This June, German lawmakers approved legislation that would hand security forces the power to use spyware. The security agencies in question are the Federal Intelligence Service (BND), the Military Counterintelligence Service (MAD), the Offices for the Protection of the Constitution, and other federal and state intelligence agencies tasked with tracking down extremists in the country.
As part of the new reform, these entities will have the ability to secretly install the spyware known as “Source Telecommunication Service” or Source-TKU) to computers and smartphones.
This spyware can record messages and calls before the device sends them out through encrypted services like WhatsApp, Skype, and others.
The new law was first put to use in July with the help of internet providers who provide technical
support to the government agencies on installing the spyware.
Journalists believe that the new reforms are an “attack” on their profession and prevents them from protecting the anonymity of their sources while also putting them at risk if they ever make contact with someone who is under surveillance.
As a result, several investigative reporters, along with organizations such as the Whistleblower Network and Reporter Without Borders (RSF), have filed a series of notions in courts throughout Germany in an attempt to block the intelligence agencies from using “state trojan horses” against people who aren’t under immediate suspicion.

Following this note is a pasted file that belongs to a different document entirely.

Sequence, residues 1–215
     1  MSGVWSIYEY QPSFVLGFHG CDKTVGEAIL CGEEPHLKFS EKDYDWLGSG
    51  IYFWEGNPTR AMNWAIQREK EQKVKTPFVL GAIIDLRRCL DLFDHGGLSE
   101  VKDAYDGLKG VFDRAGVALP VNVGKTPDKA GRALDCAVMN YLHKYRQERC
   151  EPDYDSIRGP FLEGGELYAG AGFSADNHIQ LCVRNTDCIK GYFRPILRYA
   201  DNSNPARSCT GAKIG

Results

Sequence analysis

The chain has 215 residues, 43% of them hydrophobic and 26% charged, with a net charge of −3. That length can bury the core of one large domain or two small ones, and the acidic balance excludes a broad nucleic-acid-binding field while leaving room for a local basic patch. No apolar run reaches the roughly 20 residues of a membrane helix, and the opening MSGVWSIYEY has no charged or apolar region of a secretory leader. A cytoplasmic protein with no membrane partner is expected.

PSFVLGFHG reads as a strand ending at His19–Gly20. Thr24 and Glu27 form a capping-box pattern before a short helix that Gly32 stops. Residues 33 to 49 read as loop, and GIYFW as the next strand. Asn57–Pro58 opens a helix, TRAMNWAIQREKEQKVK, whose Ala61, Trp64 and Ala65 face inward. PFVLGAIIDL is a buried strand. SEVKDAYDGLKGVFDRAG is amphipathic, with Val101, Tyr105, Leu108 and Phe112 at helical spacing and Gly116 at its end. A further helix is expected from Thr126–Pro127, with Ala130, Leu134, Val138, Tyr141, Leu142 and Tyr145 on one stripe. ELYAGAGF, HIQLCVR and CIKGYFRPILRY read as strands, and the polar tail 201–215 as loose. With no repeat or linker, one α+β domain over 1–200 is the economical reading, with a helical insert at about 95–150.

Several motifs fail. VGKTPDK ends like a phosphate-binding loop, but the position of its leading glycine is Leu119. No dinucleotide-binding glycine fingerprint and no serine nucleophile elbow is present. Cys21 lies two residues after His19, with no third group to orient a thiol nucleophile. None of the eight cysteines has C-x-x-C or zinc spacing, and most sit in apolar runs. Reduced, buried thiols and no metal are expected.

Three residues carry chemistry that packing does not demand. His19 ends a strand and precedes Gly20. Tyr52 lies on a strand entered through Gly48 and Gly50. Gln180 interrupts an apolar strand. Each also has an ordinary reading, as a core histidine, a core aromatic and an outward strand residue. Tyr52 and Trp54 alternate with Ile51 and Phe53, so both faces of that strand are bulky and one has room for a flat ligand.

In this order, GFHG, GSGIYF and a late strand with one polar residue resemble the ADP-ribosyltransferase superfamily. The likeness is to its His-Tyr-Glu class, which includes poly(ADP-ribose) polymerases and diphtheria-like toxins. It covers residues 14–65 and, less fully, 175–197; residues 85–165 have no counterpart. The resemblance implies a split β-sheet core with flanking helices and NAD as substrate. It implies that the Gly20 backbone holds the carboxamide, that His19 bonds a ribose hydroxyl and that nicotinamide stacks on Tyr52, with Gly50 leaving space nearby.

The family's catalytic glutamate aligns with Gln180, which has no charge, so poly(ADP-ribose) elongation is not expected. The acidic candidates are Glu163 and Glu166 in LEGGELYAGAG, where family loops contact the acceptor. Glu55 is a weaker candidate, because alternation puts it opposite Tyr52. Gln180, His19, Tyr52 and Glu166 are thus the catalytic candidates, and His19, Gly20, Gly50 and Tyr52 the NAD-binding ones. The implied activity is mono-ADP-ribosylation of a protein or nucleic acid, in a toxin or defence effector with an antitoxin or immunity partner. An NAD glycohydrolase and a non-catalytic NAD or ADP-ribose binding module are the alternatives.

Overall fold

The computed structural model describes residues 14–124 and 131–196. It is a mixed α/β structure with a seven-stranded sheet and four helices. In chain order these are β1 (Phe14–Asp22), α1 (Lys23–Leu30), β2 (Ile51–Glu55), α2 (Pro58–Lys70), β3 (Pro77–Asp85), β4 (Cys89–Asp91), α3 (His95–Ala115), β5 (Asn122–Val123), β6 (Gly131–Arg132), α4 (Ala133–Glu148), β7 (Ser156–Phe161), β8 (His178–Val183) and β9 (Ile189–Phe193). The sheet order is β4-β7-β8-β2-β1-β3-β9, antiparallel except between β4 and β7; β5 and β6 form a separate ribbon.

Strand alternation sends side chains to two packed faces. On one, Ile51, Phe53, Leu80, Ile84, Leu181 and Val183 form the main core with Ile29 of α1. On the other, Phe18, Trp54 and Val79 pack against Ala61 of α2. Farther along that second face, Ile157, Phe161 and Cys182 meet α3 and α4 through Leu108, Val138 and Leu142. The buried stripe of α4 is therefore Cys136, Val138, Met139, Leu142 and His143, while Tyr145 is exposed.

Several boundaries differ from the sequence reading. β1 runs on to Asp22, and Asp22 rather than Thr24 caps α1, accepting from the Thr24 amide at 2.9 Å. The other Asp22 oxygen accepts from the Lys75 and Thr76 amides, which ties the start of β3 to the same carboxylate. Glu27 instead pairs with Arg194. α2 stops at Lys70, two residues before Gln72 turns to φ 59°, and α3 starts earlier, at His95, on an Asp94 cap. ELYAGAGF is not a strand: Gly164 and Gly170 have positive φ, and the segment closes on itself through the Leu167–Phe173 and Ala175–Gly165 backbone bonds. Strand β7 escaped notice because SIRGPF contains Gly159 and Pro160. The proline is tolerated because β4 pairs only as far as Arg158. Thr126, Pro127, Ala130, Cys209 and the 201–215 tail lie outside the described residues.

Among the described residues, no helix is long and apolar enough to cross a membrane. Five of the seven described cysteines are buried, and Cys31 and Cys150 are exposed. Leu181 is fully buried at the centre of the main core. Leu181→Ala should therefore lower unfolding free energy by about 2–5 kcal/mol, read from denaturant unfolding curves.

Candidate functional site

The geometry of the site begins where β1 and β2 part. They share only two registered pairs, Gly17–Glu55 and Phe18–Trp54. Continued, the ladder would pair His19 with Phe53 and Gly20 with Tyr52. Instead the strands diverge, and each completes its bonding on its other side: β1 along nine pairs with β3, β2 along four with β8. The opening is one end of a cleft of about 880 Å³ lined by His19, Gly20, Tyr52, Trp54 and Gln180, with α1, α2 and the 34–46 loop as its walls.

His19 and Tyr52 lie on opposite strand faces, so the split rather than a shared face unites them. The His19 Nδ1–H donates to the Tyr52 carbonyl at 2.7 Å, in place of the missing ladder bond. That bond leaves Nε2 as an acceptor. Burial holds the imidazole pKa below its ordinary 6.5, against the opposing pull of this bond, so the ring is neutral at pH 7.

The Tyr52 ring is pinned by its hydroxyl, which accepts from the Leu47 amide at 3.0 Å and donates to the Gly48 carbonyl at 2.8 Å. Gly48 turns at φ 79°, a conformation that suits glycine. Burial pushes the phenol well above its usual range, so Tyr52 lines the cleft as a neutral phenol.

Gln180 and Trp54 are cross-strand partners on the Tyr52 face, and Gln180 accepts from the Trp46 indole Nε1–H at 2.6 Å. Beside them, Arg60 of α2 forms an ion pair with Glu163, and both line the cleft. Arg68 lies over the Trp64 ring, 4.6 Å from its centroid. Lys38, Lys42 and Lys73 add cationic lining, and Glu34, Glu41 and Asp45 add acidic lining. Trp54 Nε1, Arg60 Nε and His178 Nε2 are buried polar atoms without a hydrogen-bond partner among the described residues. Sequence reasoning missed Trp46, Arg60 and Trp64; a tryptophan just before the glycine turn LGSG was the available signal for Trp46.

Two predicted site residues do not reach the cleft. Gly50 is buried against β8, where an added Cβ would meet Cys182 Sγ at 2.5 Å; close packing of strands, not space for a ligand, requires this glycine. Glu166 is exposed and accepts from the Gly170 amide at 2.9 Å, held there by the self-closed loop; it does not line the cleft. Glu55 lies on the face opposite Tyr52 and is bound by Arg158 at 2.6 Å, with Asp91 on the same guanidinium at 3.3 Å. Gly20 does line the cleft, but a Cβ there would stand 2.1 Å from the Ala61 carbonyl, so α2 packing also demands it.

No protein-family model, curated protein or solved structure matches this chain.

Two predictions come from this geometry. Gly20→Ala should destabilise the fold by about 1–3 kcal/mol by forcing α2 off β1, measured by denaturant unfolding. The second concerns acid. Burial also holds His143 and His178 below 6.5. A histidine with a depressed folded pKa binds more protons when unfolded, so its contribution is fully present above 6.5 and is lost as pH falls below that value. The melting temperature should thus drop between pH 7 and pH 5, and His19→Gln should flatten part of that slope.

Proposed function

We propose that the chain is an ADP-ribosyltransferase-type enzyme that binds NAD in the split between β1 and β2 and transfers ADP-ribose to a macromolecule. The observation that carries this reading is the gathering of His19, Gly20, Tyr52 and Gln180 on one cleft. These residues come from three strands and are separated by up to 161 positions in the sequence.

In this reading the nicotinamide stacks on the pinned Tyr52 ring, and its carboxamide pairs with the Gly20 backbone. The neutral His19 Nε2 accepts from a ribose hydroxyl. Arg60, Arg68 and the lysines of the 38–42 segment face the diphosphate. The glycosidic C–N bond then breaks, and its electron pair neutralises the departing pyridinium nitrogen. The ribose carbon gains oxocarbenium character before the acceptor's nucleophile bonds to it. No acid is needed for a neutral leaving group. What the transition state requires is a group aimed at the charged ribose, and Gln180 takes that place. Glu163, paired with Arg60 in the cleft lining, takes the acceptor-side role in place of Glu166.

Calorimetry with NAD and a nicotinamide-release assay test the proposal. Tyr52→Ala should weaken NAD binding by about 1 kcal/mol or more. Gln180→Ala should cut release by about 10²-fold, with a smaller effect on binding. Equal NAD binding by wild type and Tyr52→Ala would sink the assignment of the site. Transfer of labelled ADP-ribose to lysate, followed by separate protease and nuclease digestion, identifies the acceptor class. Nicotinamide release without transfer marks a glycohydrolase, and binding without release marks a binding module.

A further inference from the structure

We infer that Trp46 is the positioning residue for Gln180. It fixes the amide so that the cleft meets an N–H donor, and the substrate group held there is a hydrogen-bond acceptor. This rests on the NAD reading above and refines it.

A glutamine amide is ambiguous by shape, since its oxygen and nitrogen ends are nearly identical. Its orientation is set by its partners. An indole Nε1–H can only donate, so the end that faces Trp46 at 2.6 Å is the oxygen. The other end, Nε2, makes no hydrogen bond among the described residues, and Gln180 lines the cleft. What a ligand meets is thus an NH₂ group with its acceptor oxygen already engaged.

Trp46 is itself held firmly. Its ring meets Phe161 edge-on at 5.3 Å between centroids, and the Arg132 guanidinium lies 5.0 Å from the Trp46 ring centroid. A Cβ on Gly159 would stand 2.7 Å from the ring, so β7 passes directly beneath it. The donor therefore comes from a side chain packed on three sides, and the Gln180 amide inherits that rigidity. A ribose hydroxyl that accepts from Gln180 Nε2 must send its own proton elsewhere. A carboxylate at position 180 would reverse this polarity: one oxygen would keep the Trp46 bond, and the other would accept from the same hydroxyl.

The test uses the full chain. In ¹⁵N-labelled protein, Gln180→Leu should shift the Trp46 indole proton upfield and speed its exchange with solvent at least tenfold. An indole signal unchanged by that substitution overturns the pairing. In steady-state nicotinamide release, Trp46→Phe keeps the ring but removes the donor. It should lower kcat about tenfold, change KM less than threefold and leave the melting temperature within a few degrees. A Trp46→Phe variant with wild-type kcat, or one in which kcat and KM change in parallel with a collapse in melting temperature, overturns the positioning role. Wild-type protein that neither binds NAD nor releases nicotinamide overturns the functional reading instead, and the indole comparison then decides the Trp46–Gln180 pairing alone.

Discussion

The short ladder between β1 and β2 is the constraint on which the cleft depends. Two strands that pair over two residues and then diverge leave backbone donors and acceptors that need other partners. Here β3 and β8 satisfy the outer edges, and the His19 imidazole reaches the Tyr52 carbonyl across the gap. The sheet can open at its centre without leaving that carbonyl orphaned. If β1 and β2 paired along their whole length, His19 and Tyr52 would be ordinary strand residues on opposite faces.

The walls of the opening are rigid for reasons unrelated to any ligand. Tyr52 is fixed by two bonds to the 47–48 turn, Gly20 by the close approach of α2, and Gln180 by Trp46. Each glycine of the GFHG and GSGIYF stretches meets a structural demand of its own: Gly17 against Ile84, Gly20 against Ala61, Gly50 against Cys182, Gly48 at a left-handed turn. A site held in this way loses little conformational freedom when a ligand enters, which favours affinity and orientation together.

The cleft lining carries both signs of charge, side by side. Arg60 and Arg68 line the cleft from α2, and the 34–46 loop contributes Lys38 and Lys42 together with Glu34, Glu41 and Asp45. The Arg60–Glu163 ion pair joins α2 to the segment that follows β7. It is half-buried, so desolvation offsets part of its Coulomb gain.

“Once again, we are going to court against a law that experts declared unconstitutional, but which was nevertheless passed overhastily and without regard for the consequences for journalism and press freedom in Germany,” said Christian Mihr, head of Germany’s RSF.
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This isn’t the only controversial law that the German parliament approved recently. In 2016, they gave the green light to a law that allowed the BND – Germany’s foreign intelligence agency to access all communications among foreign individuals and entities in Germany or abroad that pass through an internet exchange point in Frankfurt.
For a country with a history of heavy government interception, these new laws have been a cause for concern for many media members and the public.
The government at the time justified the move by saying that it was a necessary measure to prevent possible militant attacks in Germany or Europe.
Five years later, the government’s stance remains the same. They consider the new laws as an appropriate measure to prevent the increasing prevalence of far-right terrorism by intercepting what has become a standard form of communication.
German lawmakers insist that the new regulations do not expand the legal scope of the surveillance agencies but simply prevents criminals from getting away by “choosing these forms of communication.”
Additionally, they have seen much more cooperation between the intelligence agencies since the new laws were implemented, which should help them carry out more efficient investigations in the future.
However, one major concern remains that there Is no guarantee that government agencies won’t use the spyware (which is capable of seeing all data on the device and not just communication) beyond their legal limit.